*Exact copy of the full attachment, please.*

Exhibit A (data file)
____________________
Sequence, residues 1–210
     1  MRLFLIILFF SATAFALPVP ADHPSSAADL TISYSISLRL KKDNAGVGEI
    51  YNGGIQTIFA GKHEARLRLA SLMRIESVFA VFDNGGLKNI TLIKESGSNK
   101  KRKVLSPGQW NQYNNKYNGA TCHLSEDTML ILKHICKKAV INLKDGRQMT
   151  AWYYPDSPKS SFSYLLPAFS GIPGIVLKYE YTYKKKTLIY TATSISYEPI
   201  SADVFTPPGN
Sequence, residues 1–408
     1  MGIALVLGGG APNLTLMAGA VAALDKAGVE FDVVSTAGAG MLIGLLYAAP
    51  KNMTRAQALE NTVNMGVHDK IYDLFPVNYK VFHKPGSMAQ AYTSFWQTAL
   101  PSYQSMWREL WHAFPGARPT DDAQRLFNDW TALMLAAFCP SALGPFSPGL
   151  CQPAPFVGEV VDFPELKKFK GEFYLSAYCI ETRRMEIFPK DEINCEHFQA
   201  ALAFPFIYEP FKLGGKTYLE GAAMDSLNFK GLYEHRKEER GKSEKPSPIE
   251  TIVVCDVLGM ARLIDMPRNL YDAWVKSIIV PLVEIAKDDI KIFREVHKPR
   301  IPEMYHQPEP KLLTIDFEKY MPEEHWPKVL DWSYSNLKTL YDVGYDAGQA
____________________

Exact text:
Sequence, residues 1–210
     1  MRLFLIILFF SATAFALPVP ADHPSSAADL TISYSISLRL KKDNAGVGEI
    51  YNGGIQTIFA GKHEARLRLA SLMRIESVFA VFDNGGLKNI TLIKESGSNK
   101  KRKVLSPGQW NQYNNKYNGA TCHLSEDTML ILKHICKKAV INLKDGRQMT
   151  AWYYPDSPKS SFSYLLPAFS GIPGIVLKYE YTYKKKTLIY TATSISYEPI
   201  SADVFTPPGN
Sequence, residues 1–408
     1  MGIALVLGGG APNLTLMAGA VAALDKAGVE FDVVSTAGAG MLIGLLYAAP
    51  KNMTRAQALE NTVNMGVHDK IYDLFPVNYK VFHKPGSMAQ AYTSFWQTAL
   101  PSYQSMWREL WHAFPGARPT DDAQRLFNDW TALMLAAFCP SALGPFSPGL
   151  CQPAPFVGEV VDFPELKKFK GEFYLSAYCI ETRRMEIFPK DEINCEHFQA
   201  ALAFPFIYEP FKLGGKTYLE GAAMDSLNFK GLYEHRKEER GKSEKPSPIE
   251  TIVVCDVLGM ARLIDMPRNL YDAWVKSIIV PLVEIAKDDI KIFREVHKPR
   301  IPEMYHQPEP KLLTIDFEKY MPEEHWPKVL DWSYSNLKTL YDVGYDAGQA